3. I will admit you caught me Karin – “I’m not good at remembering names.” It is a trait I hate, because I know it looks like I don’t care. I do care. I don’t make New Year’s resolutions but you’ve just convinced me. I will improve on this this year! I will no longer allow my bad memory to be an excuse. Thanks

    • Lisa, thanks so much… yeah, it’s hard for me too… we can all continue to work on it together. For some people it does seem to come easy, but my guess is most who do it well are really working at it. Great to have you in the conversation.

  4. I’m usually very good with names. Though, I have to admit, other times I’ll struggle to remember someone’s name.

    Instead of acting like Seinfeld where he forgets the girl’s name, I’ll just say “I apologize, I forget your name. I’m Steve Borek.” It doesn’t mean we don’t care. We’re human.

  5. This is so true! In my fitness instructor role, I always write down new members’ names with a descriptor and then review them before the next class. And, when I forget, I just ask them again. It really does make a difference especially when I haven’t seen them for awhile. 🙂 At work, luckily our staff list and Outlook both have pictures. I do try and walk around, say “hi” to people and engage in conversations in the break-room. I don’t want to be a senior manager that only knows my direct reports.

  6. Hey, my first comment on your blog! 🙂 This post resonates with me because I know how important I feel when someone who I have only met once or twice remembers my name. I also know how much I struggle to remember someone’s name and I take the same path as Steve, apologize that I forgot, introduce myself again, and ask them their name. And I usually add, “I might forget it again, so please help me out!” It IS something that I have been working on, however, ever since I walked into our bank (a very large bank – not a small local one) and the bank manager – who had met me one time – looked up and said, “Hello, Carrie!” I was stunned. Ever since, I have made more of an effort to use and remember people’s names, and it DOES make a difference. GREAT post, Karin!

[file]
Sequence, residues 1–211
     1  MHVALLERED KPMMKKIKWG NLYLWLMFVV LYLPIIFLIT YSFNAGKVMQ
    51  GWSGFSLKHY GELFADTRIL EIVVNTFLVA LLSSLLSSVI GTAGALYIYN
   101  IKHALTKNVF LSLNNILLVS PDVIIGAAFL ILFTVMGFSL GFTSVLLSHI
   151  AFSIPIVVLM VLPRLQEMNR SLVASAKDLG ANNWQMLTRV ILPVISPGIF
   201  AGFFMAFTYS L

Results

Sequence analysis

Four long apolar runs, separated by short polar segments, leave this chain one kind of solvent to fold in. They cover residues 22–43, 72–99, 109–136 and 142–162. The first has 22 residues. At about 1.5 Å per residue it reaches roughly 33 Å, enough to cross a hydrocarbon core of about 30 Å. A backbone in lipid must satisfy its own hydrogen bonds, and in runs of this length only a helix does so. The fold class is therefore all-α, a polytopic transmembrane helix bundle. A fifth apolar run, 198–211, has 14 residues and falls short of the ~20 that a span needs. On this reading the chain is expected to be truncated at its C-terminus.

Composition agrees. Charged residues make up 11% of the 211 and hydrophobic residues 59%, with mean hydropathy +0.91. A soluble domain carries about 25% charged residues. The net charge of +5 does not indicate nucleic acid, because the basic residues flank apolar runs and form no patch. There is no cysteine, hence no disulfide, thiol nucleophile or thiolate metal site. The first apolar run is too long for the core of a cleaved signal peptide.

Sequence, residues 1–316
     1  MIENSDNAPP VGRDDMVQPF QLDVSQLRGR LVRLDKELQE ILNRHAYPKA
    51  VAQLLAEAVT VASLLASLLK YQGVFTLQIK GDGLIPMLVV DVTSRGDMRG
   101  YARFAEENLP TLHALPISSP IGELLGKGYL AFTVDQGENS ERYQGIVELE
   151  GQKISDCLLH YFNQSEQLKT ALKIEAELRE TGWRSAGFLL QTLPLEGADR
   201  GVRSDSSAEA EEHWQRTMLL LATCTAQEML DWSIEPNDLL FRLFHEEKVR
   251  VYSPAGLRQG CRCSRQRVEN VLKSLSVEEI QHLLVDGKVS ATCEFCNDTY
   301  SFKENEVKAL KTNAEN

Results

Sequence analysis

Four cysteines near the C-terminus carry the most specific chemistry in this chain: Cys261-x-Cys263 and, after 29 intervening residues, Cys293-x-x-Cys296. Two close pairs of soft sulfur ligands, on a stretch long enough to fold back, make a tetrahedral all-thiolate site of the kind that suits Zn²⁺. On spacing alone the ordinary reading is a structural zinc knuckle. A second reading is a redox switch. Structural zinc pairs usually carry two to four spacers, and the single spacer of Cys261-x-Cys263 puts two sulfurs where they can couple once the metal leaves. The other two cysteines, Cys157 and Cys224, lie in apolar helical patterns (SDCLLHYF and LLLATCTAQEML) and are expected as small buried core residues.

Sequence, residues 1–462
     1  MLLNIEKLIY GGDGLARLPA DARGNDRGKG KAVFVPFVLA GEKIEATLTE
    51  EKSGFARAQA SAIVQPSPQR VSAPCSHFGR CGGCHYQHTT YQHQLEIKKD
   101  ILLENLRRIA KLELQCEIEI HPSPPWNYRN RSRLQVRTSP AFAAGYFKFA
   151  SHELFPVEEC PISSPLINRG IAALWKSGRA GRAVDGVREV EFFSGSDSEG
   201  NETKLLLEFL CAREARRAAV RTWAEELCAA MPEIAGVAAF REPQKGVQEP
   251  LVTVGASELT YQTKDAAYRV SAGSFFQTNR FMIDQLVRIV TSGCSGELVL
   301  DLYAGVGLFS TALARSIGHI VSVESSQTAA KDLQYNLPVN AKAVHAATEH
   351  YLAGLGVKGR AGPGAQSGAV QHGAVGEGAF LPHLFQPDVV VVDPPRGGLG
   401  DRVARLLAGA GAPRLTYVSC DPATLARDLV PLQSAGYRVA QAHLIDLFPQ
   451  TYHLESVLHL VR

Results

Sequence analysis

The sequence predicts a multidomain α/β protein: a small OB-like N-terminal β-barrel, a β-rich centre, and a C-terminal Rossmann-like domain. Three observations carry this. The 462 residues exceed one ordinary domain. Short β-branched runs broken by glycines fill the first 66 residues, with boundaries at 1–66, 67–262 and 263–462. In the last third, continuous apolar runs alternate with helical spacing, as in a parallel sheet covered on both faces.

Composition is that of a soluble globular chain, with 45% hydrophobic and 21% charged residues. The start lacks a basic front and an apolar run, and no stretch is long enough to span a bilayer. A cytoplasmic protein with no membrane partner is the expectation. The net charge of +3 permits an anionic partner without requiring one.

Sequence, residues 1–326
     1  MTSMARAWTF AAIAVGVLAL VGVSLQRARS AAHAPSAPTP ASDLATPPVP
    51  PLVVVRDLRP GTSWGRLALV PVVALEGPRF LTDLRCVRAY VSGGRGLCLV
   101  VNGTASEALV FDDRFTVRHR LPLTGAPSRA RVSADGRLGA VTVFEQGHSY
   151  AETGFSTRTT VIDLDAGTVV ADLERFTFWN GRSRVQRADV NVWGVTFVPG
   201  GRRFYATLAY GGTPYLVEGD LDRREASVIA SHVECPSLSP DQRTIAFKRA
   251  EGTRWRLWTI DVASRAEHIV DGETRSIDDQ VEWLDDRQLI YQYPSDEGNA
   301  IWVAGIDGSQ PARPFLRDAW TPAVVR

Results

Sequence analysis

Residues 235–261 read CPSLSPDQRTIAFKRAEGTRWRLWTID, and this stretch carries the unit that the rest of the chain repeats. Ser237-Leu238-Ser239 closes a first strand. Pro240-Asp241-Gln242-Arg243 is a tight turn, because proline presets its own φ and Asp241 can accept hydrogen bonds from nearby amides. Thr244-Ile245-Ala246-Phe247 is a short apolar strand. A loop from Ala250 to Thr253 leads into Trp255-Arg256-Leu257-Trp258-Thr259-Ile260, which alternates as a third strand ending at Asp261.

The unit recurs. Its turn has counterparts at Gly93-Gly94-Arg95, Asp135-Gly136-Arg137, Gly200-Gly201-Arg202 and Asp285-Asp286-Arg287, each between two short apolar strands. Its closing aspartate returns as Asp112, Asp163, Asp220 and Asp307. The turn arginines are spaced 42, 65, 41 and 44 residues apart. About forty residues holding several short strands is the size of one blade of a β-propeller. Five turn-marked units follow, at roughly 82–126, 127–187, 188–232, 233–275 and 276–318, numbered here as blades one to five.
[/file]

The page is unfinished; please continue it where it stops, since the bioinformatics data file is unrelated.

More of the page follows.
• Carrie, Yeah!!!! Glad to have you join the commenting. I too have been stunned…. my parents’ minister remembers all of my family’s names even though we go to a different church. It blows me away every time.

  7. I struggle with this sometimes too, because I work on TV, and people see me a lot more than I see them. My husband is great…when he’s with me at an event and someone comes up, if I don’t introduce them right away he realizes I don’t know the person’s name and says “Hi…I’m Chrys’ husband Tom…” at which point they say their name and I’m off the hook.
    I do find repeating the person’s name and trying to use it several times during the conversation helps to solidify it in my brain and keep it there longer. The older I get, the more tricks I need!!

    • Thanks so much for sharing this. Yes, it’s great to have a helper. I just came back from a funeral and saw about a dozen people who I worked with about 7 years ago. I thought, oh boy, here’s the test (karma from having just written this post). I missed one… and my husband was right there and jumped in. So great to have you join the conversation.

  8. Great post! A challenging reminder to avoid the petty crutch; “I’m bad with names”.
    Each year I was a teacher, I would ask my new students to write their names on note cards along with a few interesting things about themselves- favorite movie, type of music, sport, goals, etc.; then I would carry those cards during the first days of school and study them as I interacted with students.
    I love and will employ the FACE mneumonic.

  9. Totally agree that learning, remembering and using names is an important skill for leaders. What has helped me in addition to FACE is seeing the person’s name written down on a business card, or better yet, writing it down myself. There is something about connecting a face with a written name that works for me. I have found this to be effective for me to learn a name that comes from a different culture than my own.

    • Bruce, Thanks so much for adding that. I agree, connecting a person’s face to their name can be so helpful. So glad to have you adding to the Let’s Grow Leaders community and conversation.